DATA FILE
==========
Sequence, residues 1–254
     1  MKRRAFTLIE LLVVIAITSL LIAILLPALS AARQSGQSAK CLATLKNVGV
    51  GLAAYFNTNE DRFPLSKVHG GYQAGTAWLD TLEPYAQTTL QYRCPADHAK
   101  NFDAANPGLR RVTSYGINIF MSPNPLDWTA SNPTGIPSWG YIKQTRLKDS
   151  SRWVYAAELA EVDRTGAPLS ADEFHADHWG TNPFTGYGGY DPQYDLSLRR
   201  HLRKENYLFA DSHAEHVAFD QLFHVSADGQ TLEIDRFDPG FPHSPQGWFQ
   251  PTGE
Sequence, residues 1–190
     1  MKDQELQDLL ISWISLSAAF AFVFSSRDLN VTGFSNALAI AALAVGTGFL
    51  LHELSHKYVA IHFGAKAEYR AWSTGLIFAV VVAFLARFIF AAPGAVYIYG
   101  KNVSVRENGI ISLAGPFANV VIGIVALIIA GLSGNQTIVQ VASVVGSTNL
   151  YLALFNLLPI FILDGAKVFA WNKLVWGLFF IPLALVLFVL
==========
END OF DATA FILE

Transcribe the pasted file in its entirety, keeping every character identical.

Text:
Sequence, residues 1–254
     1  MKRRAFTLIE LLVVIAITSL LIAILLPALS AARQSGQSAK CLATLKNVGV
    51  GLAAYFNTNE DRFPLSKVHG GYQAGTAWLD TLEPYAQTTL QYRCPADHAK
   101  NFDAANPGLR RVTSYGINIF MSPNPLDWTA SNPTGIPSWG YIKQTRLKDS
   151  SRWVYAAELA EVDRTGAPLS ADEFHADHWG TNPFTGYGGY DPQYDLSLRR
   201  HLRKENYLFA DSHAEHVAFD QLFHVSADGQ TLEIDRFDPG FPHSPQGWFQ
   251  PTGE
Sequence, residues 1–190
     1  MKDQELQDLL ISWISLSAAF AFVFSSRDLN VTGFSNALAI AALAVGTGFL
    51  LHELSHKYVA IHFGAKAEYR AWSTGLIFAV VVAFLARFIF AAPGAVYIYG
   101  KNVSVRENGI ISLAGPFANV VIGIVALIIA GLSGNQTIVQ VASVVGSTNL
   151  YLALFNLLPI FILDGAKVFA WNKLVWGLFF IPLALVLFVL